Archives for the month of: January, 2017

Image result for jamie drake equation

Published by Nosy Crow March 2017

Many years ago my mum encouraged me to write to Neil Armstrong, (I was extremely young), which resulted in my receiving a letter from NASA explaining that though he was always pleased to hear of young people interested in the space program, he was sadly too busy dealing with his heavy schedule of activities to reply personally. They did, however include a signed photograph. The letter and the photograph are framed and are up on my office wall.

I have always believed you should write to people who’s work you have admired and have as a result of this early encouragement written to all sorts of people at different times of my life. I keep meaning to get in contact with Tim Peake – but haven’t got around to it yet… I feel that from him, I should get a proper letter, if only to make up for not having had one from Neil Armstrong, but I suspect that is wishful thinking.

Jamie Drake’s father is an astronaut and has recently left earth to stay on the International Space Station preparatory to sending small probes out into the dark, in the hope that as a result, aliens might respond with some sort of message in the future.

Jamie’s school has become very involved with the idea, and the different classes are following Jamie’s dad day by day. They have been making models, writing stories, talking about it in class and generally becoming very captivated by it all. Which is all very exciting for them and Jamie too. Though he is not so much excited, as vaguely worried. Space isn’t exactly safe, he knows this. Space walking isn’t exactly a walk in a park; he’d much rather have his dad down here on earth to help him build his models.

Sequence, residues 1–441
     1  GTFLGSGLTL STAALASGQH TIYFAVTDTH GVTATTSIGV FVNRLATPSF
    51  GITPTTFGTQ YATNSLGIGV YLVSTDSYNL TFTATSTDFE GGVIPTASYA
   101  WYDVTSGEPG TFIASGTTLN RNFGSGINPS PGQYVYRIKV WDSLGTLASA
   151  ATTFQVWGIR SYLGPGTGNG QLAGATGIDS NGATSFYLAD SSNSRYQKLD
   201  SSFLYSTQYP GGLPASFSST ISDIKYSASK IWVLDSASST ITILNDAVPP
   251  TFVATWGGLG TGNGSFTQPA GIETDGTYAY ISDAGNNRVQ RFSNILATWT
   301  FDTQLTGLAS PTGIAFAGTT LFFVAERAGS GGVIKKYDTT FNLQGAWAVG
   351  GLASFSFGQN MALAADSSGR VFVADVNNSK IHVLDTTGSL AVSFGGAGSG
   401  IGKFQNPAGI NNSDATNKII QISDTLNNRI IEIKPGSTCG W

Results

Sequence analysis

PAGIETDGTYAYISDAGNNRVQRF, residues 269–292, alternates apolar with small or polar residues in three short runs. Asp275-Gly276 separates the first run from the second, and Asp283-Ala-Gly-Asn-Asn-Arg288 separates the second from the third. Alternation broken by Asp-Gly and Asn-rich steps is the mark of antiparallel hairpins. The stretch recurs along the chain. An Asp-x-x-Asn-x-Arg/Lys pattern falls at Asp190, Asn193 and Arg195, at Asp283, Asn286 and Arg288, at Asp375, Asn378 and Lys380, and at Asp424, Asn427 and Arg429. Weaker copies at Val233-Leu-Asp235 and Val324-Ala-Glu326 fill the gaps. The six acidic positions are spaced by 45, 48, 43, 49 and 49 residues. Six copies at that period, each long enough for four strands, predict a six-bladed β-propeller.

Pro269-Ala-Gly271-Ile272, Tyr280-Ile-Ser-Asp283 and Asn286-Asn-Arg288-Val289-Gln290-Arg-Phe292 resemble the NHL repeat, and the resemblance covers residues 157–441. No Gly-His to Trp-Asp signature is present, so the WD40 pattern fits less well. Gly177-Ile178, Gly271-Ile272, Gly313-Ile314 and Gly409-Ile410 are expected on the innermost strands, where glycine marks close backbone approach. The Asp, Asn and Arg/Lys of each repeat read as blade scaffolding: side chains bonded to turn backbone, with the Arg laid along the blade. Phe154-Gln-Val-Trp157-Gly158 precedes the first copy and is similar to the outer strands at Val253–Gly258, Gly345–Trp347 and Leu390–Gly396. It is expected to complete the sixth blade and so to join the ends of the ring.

So, what is this book about? Image result for fibonacci spiral

Aliens – perhaps, (I’m not going to tell you whether any aliens get around to replying to the probes).

Space.

Families

and a thing called the Fibonacci sequence and spiral.

It is a funny, brilliant story, with a twist.

Nosy Crow’s proof of this is their usual yellow backed job – with a picture on it that might be the one they use to illustrate the cover of the book. The picture above is the same one – so it might be the one they use. It may not.

The Fibonacci sequence picture was, I’m afraid, nicked from the Internet – from Sciencevibe.com – with thanks and apologies. I hope they don’t mind….its is also found in shells too, not just in space and in many other areas too…it is a piece of mathematical/natural history wonder.

 

 

 

I have been asked to review my last post about this small volume by a customer who has direct experience of the subject; her son, born a daughter. He expressed his belief from a very early age and so, I have made a note that it should be within the 9 – 12 age group.

The use of the correct pronoun for suffers is important – and within this story, though initially confusing for those of us who haven’t come across sexual dysphoria directly, is right and proper – and not just a device.

This is an important volume – it is not a subject that is covered in fiction for children, it is a unique children’s book in my experience. As such may be of help to those who are affected by this.

Having looked on the NHS site dealing with sexual dysphoria, they suggest that anyone who has, or has a child who may be showing signs that they have it, that they should contact their GP who may well refer them on to a specialist Gender Identity Clinic.

 

I have been selling books for over 20 years with Waterstones. They say I have become an ‘Expert’ in Children’s books. A title that really means very little to me.

What does, I have recently realised, are my customers and more importantly my younger customers, especially those that I influenced enough for them to begin to enjoy books.